Alan Zendell, January 5, 2020
I just filled out my absentee ballot for the Maryland 7th Congressional District’ Special Primary Election to fill the seat left vacant by the passing of long time representative Elijah Cummings. Cummings will be best remembered by Americans who are not from Maryland as the recipient of the brunt of President Trump’s vicious and inaccurate attacks on the City of Baltimore. Agree or disagree with him, Cummings was the antithesis of Trump – someone who cared more about truth and the welfare of his constituents than wealth and power. Because I believe she will carry on the fight her husband waged on behalf of his district, I cast my ballot for his widow, Dr. Maya Rockeymoore Cummings.
Elijah Cummings would have been furious to see his constituents serving in the military sent into harm’s way with no justification. He’d have vented his anger on behalf of the families and friends who will wring their hands with worry every time a shot is fired in the Middle East. Again flouting norms for no reason other than his own narcissism, President Trump cloaked his notification to Congress about the assassination of Iranian General Qasem Soleimani under a security classification. Why? To prevent Americans from learning the reasons for the drone attack in Baghdad.
That is unprecedented in our history. From Franklin Roosevelt to Harry Truman, to John Kennedy to Lyndon Johnson, and Ronald Reagan to George W. Bush, presidents have explained their actions to the country whenever they initiated hostilities that put Americans at risk. Their explanations may have been partially refuted by subsequent events, but they all understood that in a republic, the government is ultimately responsible to its citizens.
Trump doesn’t think he’s responsible to anyone but himself, and that may be his most impeachable offense. Democratic presidential candidate Joe Biden got it right: “President Trump just tossed a stick of dynamite into a tinderbox, and he owes the American people an explanation of the strategy and plan to keep safe our troops and embassy personnel.”
Unfortunately, it’s not only our people in uniform and those who care about them who will directly affected by Trump’s decision. Every American is at risk. It’s quite telling that one of my neighbors in Maryland quipped that he was about to head south for the winter, and he was thankful to be getting his family away from the high risk target areas near the Capital. Equally telling is the reaction of many people where I’m wintering Florida that they’re relieved to be out of the line of fire.
If you don’t feel at risk it’s because you’re not thinking it through clearly. Iran has vowed to retaliate. Believe them. The Koran is as clear as the Old Testament about the virtues of revenge. Iran’s Foreign Minister said today that retaliation would be against American military interests. That’s the kind of measured response we’d take ourselves if, say, our Joint Chiefs Chairman had been assassinated by Iranian operatives. Not a great outcome, but one in line with diplomatic conventions.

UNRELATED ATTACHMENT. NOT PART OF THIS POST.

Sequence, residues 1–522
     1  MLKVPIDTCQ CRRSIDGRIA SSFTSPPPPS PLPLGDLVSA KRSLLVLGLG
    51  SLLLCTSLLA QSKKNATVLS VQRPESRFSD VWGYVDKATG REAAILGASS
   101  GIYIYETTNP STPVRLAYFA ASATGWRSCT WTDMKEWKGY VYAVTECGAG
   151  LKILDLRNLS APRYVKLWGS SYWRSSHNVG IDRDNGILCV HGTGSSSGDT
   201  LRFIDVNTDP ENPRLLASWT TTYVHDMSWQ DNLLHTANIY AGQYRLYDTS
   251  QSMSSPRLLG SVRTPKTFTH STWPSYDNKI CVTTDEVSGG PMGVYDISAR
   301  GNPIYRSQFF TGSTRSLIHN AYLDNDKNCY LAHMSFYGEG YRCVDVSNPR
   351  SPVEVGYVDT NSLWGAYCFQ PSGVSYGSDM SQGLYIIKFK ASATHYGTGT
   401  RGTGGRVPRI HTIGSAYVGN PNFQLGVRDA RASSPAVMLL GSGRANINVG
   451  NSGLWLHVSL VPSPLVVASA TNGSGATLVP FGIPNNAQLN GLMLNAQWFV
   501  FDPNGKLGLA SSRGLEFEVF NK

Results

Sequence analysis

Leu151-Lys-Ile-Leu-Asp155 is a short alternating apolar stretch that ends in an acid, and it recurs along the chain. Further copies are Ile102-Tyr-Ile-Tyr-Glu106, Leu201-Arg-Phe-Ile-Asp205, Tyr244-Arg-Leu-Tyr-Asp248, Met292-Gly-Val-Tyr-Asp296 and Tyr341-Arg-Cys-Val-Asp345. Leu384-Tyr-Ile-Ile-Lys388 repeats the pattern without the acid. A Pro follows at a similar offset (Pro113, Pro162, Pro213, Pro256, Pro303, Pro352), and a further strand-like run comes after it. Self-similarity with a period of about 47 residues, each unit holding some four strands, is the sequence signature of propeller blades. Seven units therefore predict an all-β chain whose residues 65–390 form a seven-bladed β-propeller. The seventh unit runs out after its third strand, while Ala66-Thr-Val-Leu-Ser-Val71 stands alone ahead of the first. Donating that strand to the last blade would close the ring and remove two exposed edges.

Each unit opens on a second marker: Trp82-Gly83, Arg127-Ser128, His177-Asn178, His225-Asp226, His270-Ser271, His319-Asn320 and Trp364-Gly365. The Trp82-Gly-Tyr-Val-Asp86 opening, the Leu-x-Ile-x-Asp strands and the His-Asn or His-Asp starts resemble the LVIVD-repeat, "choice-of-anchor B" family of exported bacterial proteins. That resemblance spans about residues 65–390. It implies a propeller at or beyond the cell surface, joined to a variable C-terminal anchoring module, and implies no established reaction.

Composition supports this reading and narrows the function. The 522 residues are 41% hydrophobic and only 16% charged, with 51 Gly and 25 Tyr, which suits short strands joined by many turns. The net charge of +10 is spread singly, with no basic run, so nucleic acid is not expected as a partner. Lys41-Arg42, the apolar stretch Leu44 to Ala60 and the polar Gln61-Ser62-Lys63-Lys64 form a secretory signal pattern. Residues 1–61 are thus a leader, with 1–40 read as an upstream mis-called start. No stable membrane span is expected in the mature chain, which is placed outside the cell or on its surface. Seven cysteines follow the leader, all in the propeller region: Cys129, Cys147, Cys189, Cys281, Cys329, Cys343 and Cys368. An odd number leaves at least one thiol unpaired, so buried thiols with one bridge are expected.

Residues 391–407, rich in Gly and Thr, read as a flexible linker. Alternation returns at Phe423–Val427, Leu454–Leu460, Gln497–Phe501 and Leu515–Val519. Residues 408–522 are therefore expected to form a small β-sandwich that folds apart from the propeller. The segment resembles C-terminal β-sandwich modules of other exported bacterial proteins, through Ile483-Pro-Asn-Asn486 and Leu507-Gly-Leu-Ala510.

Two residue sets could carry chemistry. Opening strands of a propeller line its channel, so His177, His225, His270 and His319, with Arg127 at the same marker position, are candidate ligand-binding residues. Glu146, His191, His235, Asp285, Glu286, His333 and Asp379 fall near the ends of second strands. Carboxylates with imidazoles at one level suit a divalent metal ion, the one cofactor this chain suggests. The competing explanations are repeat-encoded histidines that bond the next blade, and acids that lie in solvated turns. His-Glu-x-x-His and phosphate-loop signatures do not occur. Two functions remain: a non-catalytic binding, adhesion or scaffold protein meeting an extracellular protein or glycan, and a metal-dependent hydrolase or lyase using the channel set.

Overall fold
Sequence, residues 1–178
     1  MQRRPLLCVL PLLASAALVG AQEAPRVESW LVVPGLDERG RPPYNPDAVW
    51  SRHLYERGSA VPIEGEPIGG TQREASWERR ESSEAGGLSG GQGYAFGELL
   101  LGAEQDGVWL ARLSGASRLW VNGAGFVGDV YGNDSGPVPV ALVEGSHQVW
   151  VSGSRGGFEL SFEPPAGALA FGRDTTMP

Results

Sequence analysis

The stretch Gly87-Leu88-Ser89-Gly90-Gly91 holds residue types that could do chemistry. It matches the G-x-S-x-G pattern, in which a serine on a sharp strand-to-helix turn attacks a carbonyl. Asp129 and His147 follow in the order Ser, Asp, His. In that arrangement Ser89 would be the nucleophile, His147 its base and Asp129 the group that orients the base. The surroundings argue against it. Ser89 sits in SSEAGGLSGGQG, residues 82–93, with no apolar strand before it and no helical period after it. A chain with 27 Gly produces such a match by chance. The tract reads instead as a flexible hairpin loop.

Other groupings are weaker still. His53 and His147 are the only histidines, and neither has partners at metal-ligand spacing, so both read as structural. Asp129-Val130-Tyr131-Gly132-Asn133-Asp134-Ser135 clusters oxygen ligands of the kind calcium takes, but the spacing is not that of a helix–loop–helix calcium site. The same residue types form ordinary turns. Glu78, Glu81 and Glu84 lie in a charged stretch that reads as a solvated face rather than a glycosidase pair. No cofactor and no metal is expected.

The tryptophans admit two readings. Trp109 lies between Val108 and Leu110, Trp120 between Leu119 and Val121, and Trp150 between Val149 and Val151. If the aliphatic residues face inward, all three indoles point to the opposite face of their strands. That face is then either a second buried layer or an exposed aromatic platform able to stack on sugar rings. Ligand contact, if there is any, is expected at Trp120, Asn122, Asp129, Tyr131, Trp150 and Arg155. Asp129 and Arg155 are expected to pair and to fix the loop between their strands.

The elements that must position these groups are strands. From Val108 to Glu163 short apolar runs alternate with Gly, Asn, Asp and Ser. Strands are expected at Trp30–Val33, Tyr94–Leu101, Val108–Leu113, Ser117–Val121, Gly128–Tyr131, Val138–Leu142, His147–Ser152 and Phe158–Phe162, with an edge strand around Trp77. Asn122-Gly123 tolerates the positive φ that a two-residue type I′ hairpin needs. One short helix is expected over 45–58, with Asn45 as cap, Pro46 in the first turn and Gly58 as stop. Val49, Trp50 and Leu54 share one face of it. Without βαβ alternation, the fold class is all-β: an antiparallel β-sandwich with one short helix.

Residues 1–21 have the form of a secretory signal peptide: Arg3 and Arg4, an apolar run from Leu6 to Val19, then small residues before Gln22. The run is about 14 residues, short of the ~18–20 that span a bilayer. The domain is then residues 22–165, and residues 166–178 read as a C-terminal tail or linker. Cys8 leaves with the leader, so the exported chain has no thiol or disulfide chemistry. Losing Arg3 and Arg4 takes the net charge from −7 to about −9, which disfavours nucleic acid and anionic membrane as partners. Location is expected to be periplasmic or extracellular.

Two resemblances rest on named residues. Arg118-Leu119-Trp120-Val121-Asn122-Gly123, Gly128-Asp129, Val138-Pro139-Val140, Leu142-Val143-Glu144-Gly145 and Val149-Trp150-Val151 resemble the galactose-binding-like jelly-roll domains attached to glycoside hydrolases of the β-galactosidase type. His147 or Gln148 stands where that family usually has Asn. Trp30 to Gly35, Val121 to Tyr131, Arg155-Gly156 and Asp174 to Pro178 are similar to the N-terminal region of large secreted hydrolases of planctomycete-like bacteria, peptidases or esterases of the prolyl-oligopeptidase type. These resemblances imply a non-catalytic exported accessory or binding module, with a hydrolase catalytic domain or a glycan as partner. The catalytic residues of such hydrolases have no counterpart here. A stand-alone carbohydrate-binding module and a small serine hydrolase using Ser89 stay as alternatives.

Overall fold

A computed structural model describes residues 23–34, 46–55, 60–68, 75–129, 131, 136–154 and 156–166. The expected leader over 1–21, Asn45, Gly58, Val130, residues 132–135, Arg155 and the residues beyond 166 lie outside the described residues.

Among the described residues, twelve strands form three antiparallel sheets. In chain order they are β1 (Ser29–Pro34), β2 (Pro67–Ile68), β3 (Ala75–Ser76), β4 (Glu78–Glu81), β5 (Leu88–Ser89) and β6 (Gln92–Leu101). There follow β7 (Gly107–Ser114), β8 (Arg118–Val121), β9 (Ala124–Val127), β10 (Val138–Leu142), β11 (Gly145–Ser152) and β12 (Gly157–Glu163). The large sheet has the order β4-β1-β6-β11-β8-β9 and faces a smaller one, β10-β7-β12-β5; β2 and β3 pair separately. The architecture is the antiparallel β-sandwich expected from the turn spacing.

President Trump, on the other hand, while claiming his intent is to prevent war and de-escalate has done exactly the opposite. Today, he tweeted a threat to attack Iranian cultural sites. That’s not only barbaric, a threat typical of ISIS and Hezbolah, it’s a war crime. You needn’t take the word of Iranian Foreign Minister Javad Zarif on that, Senator Chris Murphy was the first of several in Congress to say the same thing. United Nations resolution 2347 condemns “the unlawful destruction of cultural heritage, including the destruction of religious sites and artefacts [sic]…,” and the same prohibition exists in the Geneva Conventions.
Legality aside, Trump’s threat could be read by Iranian extremists as an invitation to do the same thing. If you haven’t considered the possibilities of who might be at risk, now is a good time to start. I spent weeks wrestling with this issue in writing my novel, Wednesday’s Child. Opening the door to attacking cultural sites is an irresponsible provocation to outright war. There’s no way to harden them all in a nation like ours, and it’s nearly impossible to predict where an enemy like the Quds force could strike.
How do you define a cultural site? The Statue of Liberty? The White House? The National Cathedral? What about Hard Rock Stadium in Miami, where 65,000 people will be watching the Super Bowl in a few weeks? That’s the kind of threat we face when our President’s ego gets in the way of common sense and he ignores his advisers.
This is exactly what we need to put a stop to at the ballot box next November. Trump’s unilateral, autocratic behavior puts every American at risk.